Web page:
Archimedes' Twin Circles and a Brother: What is this about?
A Mathematical Droodle


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Explanation

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One of the properties of the arbelos noticed and proved by Archimedes in his Book of Lemmas is that the two small circles inscribed into two pieces of the arbelos cut off by the line perpendicular to the base through the common point of the two small semicircles are equal. The circles have been known as Archimedes' Twin Circles. More than 2200 years after Archimedes, L. Bankoff (1974) has found another circle equal to the twins.


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The best way to see the circle is to reflect the arbelos in the common base of its constituent semicircles. Proposition 6 of the Book of Lemmas deals with the circle tangent to all three semicircles. The two points of tangency with the small semicircles together with the point C in the applet form a triangle whose circumcenter has the same radius as Archimedes' twins!

For definiteness' sake, let the semicircles have centers O, O1, O2. Following Bankoff's convention, a circle will be denoted by the same letter as its center enclosed in a couple of parentheses. Thus, e.g. the big semicircle is the top part of (O). The twin circles are, say, (W1) and (W2), and the circle due to Proposition 6 is (O3). The circle in question is (W3).

To prove this result we shall use the inversion with center A and the power equal to AC·AB.

The inversion swaps B and C, and further

  The circle (O1) becomes the line perpendicular to AB at B.
The circle (O) becomes the line perpendicular to AB at C.
The circles (O2) and (W2) are self-inverse.
The circle (W1) inverts into (W'1), tangent to lines the two vertical lines and the circle (O) externally.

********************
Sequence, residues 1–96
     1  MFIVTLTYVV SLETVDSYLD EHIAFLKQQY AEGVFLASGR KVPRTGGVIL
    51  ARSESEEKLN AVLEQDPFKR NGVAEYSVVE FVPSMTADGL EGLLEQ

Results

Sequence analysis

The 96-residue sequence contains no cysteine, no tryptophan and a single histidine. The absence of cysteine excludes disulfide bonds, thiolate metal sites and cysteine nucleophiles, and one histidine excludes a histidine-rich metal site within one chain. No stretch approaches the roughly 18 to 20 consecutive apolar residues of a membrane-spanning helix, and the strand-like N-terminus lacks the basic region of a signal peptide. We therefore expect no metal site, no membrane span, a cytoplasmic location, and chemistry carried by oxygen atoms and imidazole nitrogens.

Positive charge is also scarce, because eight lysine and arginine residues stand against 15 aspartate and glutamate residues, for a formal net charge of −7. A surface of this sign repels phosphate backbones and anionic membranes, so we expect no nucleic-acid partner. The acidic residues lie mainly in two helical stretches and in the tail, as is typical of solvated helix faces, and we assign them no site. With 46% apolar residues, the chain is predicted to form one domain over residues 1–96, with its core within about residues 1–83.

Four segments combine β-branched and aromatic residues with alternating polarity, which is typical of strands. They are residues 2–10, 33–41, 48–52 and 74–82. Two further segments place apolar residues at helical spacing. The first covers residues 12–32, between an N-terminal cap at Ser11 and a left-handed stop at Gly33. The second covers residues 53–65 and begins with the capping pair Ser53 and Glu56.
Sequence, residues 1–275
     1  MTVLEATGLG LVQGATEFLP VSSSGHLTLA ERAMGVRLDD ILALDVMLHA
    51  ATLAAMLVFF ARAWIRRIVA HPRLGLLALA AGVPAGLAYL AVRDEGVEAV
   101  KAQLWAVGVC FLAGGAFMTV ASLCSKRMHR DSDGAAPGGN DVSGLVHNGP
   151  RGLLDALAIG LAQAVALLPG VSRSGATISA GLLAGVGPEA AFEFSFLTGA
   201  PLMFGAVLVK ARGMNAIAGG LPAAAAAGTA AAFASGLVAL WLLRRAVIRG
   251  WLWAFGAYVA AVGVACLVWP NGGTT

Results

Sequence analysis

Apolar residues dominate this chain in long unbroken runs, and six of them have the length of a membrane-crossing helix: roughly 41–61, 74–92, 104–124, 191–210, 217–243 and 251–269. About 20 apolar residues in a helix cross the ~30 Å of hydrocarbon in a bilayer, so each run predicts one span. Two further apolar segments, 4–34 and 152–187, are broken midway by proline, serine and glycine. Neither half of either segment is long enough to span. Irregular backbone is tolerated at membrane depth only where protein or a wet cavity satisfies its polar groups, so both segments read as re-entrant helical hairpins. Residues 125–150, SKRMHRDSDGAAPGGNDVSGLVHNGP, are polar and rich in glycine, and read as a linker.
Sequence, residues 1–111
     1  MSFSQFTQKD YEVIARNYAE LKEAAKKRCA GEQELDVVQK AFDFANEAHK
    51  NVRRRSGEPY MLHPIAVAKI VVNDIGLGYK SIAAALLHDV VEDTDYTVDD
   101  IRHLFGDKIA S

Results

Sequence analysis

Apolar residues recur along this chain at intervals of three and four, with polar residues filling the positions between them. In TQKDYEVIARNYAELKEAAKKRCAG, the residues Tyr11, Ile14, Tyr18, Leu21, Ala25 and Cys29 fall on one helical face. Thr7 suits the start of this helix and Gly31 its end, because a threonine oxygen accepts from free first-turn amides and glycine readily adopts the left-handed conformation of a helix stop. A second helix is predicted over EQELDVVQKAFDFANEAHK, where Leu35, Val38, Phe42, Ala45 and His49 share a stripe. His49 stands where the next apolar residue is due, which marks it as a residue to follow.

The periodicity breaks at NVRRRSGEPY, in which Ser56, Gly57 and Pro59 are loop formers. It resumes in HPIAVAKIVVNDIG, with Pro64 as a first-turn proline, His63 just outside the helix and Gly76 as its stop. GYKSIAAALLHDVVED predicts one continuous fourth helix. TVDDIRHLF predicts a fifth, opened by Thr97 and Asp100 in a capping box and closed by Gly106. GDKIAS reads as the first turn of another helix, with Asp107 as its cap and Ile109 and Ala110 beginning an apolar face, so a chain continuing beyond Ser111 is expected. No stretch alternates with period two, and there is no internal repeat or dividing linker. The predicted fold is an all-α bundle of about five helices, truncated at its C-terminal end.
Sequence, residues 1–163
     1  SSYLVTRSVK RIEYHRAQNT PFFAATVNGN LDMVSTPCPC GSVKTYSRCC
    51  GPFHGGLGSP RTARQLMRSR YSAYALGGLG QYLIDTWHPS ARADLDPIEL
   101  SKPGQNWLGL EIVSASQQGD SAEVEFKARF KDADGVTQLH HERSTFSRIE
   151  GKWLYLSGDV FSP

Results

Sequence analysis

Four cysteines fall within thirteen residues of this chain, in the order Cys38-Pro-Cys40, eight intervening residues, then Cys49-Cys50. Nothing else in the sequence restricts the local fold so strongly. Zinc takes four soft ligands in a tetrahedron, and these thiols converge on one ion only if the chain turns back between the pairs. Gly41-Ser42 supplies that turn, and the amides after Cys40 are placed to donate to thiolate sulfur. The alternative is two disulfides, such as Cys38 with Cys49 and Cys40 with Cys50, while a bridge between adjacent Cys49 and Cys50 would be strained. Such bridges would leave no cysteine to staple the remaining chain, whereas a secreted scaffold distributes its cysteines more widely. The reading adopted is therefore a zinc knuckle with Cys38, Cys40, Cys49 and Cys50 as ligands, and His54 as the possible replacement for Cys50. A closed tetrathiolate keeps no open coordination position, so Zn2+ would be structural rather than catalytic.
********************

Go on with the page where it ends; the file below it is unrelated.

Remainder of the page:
The circle (O3) inverts into (O'3), tangent to the vertical lines and to the self-inverse (O2).
The circle (W3) becomes (W'3), tangent to AB at B and orthogonal to (O2) and (O'3.

Denote the radii of the circles (O), (O1), (O2), (O3),(W1), (W2), (W3), (O'1), (O'3), (W'1), (W'3) as R, R1, R2, R3, p1 = p2 = p, p3, R'1, R'3, p', p'3, respectively. Note that p' = R2.

We have the following:

  1. Since A is the external center of similitude of (W1) and (W'1),

      p/p' = (2R1 - p)/(2R1 + R2),

    from which

      p = R1·R2/R = R1·R2/(R1 + R2).

  2. In the triangles ACW3 and ABW'3

      p3/p'3 = AC/AB = R1/R

    and it follows that

      p3 = R1·p'3/R = R1·R2/R.

Note that in terms of R1 and R2, Archimedes' formula becomes

  R3 = R·R1·R2/(R12 + R1·R2 + R22).

Remark


As an aside, the foregoing reminds me of another question. Two brothers that were born virtually at the same time on the same day in the same year to the same parents are not twins. How can this be?

References

  1. L. Bankoff, Are the Twin Circles of Archimedes Really Twin, Mathematics Magazine, Vol. 47, No. 4 (Sept., 1974), 214-218

Inversion - Introduction

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They were two of a set of triplets or quadraplets or ...

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